The love interest is introduced in the very first paragraph, and it is not hard to gather that he is a tourist in the town where our main character lives and that there was some history there. Now, by history, I mean a kiss and maybe sex although that’s never told explicitly. The two characters had a “moment” right before a storm and then they got separated and didn’t hear about each other until the following summer. We all know that this “not knowing about each other” means we’re going to have a miscommunication trope, which I really don’t like because it’s plain dumb in this day and age when we have so many different means to stay in touch. I also don’t like the “getting back together with an ex” trope, so you see now why this book was definitely not for me.

As if this couldn’t be any more tropey, the main character, whose name is Lucy (I think), has a boyfriend. But don’t you worry, she’s quick to tell everyone who can hear that she only loves him as a friend and that she feels nothing romantic for him. Still, we have this dumb and completely unnecessary love triangle. Like I said, I’m in my mid-twenties, I’ve read my fair share of trashy YA, and this is the cherry on top. However, if you’re a young-ish teenager, like fifteen or so, and you’re just getting into young adult, you might like this book. The only plus side I see is that it’s a very quick read, so at least you won’t invest a lot of your time on it.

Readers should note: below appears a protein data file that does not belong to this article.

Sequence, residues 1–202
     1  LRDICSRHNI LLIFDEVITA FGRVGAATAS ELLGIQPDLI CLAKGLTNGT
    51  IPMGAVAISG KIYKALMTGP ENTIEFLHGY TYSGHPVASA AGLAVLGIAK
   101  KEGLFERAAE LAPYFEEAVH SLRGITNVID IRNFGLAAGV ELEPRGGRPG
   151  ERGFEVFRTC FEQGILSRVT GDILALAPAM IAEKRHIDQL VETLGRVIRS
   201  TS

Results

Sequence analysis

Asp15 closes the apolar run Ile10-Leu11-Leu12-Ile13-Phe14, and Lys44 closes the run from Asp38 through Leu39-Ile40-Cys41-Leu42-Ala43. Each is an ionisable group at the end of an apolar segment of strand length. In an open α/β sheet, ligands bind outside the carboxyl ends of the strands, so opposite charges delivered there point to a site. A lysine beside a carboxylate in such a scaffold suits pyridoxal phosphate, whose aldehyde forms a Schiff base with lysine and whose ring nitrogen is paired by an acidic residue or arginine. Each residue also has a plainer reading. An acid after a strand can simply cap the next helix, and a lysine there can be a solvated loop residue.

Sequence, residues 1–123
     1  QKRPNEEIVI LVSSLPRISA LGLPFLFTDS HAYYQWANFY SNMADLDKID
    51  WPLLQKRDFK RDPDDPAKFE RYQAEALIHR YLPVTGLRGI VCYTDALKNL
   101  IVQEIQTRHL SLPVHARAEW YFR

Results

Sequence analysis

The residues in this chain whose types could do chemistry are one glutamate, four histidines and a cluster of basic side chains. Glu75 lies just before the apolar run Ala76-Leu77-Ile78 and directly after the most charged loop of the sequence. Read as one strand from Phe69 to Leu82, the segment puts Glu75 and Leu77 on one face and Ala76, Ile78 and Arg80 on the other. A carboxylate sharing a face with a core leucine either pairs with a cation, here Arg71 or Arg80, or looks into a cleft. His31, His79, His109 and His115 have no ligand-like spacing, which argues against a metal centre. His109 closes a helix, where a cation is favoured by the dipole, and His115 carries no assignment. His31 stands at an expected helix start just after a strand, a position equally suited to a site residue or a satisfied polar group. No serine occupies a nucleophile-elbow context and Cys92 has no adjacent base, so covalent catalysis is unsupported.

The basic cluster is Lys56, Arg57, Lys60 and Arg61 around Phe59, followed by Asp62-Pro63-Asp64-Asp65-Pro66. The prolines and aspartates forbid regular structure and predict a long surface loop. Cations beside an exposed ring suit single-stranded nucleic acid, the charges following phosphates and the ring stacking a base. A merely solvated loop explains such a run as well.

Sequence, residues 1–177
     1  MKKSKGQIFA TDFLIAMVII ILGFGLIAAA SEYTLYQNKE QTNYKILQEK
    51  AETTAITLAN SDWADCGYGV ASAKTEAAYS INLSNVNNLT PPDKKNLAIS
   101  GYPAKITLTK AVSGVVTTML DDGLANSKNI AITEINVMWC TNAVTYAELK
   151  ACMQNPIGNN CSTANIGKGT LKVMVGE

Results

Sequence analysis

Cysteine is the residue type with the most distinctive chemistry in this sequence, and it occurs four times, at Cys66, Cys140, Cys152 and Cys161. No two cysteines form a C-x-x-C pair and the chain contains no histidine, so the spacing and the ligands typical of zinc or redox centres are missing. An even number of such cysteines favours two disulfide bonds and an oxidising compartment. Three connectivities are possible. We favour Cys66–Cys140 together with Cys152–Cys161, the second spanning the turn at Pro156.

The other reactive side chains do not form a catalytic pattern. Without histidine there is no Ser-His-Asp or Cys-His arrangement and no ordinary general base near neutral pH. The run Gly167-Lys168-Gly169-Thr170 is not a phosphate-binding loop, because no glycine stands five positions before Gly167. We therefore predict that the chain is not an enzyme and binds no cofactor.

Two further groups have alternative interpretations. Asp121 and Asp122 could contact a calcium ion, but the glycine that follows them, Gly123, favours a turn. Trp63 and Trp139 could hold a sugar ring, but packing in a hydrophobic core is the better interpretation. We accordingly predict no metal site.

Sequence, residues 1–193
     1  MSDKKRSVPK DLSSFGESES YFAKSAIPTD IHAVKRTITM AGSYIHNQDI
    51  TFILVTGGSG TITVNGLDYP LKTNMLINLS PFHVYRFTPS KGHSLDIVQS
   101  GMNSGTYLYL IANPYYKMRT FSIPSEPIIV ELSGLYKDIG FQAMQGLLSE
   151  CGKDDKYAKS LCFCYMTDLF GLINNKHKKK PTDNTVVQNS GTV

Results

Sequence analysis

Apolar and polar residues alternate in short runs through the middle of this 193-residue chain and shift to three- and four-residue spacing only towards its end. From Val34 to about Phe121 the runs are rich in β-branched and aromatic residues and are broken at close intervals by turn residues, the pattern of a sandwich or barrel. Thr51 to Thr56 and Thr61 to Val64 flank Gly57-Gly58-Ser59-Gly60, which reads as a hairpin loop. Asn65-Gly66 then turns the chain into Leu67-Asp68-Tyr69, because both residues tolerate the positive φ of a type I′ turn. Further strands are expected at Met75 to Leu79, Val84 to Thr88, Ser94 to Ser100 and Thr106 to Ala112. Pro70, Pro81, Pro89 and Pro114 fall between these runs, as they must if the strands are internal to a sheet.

I’m not saying I would recommend this book, I’m saying someone else might like it. The reason why I wouldn’t recommend it is that there are male chauvinist comments about “girlish figures” that just made me gag. On top of that, there was a comment along the lines of “you’re not fat, you’re gorgeous,” and we all know why I think that is wrong. Some people are able to read stuff like that and not be bothered by it. I’m clearly not one of those people. Finally, because I’m old and bitter I must say that this novel needs some serious editing. There were so many grammar errors that you would’ve thought this was self-published.